In September 1901, Dally was asked to travel to Buffalo, New York, on a matter of national importance. One of Edison’s X-ray machines, which was on display there at the Pan-American Exposition, might be needed. President William McKinley had been about to give a speech at the exposition when an anarchist named Leon Czolgosz darted toward him, a pistol concealed in a handkerchief, and fired twice, hitting McKinley in the abdomen.
Dally and a colleague arrived in Buffalo and quickly set about installing the X-ray machine in the Millburn House, where McKinley had been staying, while the president underwent surgery at the Exposition hospital. One of the bullets had merely grazed McKinley and was discovered in his clothing, but the other had lodged in his abdomen. Surgeons couldn’t locate it, but McKinley’s doctors deemed the president’s condition too unstable for him to be X-rayed. Dally waited for McKinley to improve so that he might guide the surgeons to the hidden bullet, but that day never came: McKinley died a week after he had been shot. Dally returned to New Jersey.
By the following year, the pain in Dally’s hands was becoming intolerable, and they looked, some people said, as if they’d been scalded. Dally had skin grafted from his leg to his left hand several times, but the lesions remained. When evidence of carcinoma appeared on his left arm, Dally agreed to have it amputated just below his shoulder.
Seven months later, his right hand began to develop similar problems; surgeons removed four fingers. When Dally—who had a wife and two sons—couldn’t work anymore, Edison kept him on the payroll and promised to take care of him for as long as he lived. Edison put an end to his experiments with Roentgen’s rays. “I stopped experimenting with them two years ago, when I came near to losing my eyesight, and Dally, my assistant, practically lost the use of both of his arms,” Edison would tell a reporter from the New York World. “I am afraid of radium and polonium too, and I don’t want to monkey with them.”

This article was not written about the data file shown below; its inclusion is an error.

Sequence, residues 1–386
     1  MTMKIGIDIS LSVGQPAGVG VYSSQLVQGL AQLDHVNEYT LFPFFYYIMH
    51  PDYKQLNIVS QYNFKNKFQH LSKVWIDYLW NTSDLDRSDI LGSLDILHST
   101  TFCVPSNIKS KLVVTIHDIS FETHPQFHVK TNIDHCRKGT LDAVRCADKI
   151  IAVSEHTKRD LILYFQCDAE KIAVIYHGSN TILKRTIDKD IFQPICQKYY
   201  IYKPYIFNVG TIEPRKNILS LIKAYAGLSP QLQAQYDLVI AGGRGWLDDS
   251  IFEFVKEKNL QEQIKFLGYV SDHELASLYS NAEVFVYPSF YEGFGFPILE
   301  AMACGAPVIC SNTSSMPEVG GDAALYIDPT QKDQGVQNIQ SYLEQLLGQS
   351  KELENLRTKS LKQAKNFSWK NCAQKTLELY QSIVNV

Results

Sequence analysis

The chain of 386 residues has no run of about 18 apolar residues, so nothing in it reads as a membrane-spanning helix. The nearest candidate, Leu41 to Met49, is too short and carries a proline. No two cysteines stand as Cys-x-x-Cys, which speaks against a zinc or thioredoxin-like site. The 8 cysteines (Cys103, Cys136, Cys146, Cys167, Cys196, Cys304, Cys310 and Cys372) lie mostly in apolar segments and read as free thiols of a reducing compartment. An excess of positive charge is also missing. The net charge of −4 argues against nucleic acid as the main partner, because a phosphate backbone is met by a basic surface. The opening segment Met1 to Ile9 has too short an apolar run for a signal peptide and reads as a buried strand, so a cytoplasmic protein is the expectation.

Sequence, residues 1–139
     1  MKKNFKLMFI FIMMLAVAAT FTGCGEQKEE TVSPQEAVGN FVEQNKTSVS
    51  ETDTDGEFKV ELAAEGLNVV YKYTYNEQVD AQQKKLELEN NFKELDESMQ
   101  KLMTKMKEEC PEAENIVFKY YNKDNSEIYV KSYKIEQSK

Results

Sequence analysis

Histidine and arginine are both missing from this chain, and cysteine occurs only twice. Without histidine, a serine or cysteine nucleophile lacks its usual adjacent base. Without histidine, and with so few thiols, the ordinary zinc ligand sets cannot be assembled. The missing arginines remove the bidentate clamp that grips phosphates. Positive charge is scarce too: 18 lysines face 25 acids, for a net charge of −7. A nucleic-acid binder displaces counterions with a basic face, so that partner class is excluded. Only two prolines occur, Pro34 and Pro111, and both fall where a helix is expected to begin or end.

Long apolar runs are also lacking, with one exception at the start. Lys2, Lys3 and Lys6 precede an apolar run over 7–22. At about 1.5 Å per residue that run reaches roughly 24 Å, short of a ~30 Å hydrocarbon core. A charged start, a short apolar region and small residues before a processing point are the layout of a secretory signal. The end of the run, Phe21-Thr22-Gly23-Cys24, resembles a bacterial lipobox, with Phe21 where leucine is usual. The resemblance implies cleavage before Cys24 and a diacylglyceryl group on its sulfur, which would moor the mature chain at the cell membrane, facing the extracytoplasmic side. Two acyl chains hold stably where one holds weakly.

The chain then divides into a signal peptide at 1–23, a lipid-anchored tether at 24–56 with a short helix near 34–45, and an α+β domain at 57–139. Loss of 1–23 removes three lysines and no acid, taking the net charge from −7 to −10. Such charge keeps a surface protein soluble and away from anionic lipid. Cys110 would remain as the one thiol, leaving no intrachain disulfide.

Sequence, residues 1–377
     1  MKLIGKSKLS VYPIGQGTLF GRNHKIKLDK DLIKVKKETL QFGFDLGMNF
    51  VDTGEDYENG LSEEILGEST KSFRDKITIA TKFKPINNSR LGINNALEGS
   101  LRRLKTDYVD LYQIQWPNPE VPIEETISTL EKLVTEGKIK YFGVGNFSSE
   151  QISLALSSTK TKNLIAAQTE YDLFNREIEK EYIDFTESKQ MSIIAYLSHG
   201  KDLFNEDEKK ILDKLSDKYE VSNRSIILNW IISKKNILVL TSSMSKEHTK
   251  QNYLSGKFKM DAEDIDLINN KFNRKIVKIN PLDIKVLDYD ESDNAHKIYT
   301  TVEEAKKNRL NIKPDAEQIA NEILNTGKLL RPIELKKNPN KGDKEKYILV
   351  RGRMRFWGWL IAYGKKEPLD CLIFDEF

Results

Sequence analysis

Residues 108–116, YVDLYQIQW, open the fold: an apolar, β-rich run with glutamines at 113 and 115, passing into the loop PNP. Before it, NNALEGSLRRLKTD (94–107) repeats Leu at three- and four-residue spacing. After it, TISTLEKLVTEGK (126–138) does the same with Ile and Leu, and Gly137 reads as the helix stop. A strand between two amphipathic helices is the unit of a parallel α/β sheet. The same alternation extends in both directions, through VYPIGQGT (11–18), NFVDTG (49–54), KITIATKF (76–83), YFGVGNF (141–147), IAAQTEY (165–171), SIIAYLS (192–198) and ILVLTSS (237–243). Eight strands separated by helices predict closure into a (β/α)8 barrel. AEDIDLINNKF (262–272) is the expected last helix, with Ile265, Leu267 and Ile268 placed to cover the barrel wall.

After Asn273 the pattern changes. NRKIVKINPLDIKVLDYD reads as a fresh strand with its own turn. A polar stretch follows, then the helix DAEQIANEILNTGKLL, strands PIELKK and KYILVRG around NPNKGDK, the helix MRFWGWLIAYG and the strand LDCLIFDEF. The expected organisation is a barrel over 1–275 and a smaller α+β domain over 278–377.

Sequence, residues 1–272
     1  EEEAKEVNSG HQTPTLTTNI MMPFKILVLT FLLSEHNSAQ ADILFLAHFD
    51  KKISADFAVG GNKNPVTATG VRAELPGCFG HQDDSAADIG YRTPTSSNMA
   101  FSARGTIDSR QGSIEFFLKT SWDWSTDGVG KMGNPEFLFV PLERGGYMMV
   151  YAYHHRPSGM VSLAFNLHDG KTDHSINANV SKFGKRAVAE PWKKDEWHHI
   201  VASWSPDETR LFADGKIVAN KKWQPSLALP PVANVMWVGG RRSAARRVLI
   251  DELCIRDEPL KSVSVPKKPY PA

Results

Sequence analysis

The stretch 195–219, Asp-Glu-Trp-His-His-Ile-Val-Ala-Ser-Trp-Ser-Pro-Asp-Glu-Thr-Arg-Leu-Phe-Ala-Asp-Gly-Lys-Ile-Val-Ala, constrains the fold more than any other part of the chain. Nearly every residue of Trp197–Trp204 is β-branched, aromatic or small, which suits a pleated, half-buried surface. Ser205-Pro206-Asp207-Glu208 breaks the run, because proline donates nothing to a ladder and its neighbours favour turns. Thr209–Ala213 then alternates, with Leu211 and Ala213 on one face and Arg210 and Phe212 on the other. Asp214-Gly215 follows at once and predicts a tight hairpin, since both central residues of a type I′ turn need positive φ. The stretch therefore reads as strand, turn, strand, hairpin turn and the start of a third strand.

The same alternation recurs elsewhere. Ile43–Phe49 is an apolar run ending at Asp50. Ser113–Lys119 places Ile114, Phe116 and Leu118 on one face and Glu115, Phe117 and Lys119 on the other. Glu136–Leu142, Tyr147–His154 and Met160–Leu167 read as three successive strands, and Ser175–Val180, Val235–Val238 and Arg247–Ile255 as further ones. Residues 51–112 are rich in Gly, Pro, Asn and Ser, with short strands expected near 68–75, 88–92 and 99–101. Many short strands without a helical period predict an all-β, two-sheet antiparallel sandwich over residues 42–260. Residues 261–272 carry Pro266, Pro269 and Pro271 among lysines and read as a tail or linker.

When an oculist informed him that his “eye was something over a foot out of focus,” Edison said, he told Dally “that there was a danger in the continuous use of the tubes.” He added, “The only thing that saved my eyesight was that I used a very weak tube, while Dally insisted in using the most powerful one he could find.”
Dally’s condition continued to deteriorate, and in 1903, doctors removed his right arm. By 1904, his 39-year-old body was ravaged by metastatic skin cancer, and Dally died after eight years of experimenting with radiation. But his tragic example eventually led to a greater understanding of radiology.
Edison, for his part, was happy to leave those developments to others. “I did not want to know anything more about X-rays,” he said at the time. “In the hands of experienced operators they are a valuable adjunct to surgery, locating as they do objects concealed from view, and making, for instance, the operation for appendicitis almost sure. But they are dangerous, deadly, in the hands of inexperienced, or even in the hands of a man who is using them continuously for experiment.” Referring to himself and to Dally, he said, “There are two pretty good object-lessons of this fact to be found in the Oranges.”
Articles: “Edison Fears Hidden Perils of the X-Rays,” New York World, August 3, 1903. ”C.M. Dally Dies a Martyr to Science,” New York Times, October 4, 1904. “Clarence Dally: An American Pioneer,” by Raymond A. Gagliardi, American Journal of Roentgenology, November, 1991, vol. 157, no. 5, p. 922. ”Radiation-Induced Meningioma,” by Felix Umansky, M.D., Yigal Shoshan, M.D., Guy Rosenthal, M.D., Shifra Fraifield, M.B.A., Sergey Spektor, M.D., PH.D., Neurosurgical Focus, American Association of Neurological Surgeons, June 26, 2008. ”American Martyrs to Radiology: Clarence Madison Dally, (1865-1904)” by Percy Brown, American Journal of Radiology, 1995. “This Day in Tech: Nov. 8, 1895: Roentgen Stumbles Upon X-Rays,” by Tony Long, Wired, November 8, 2010.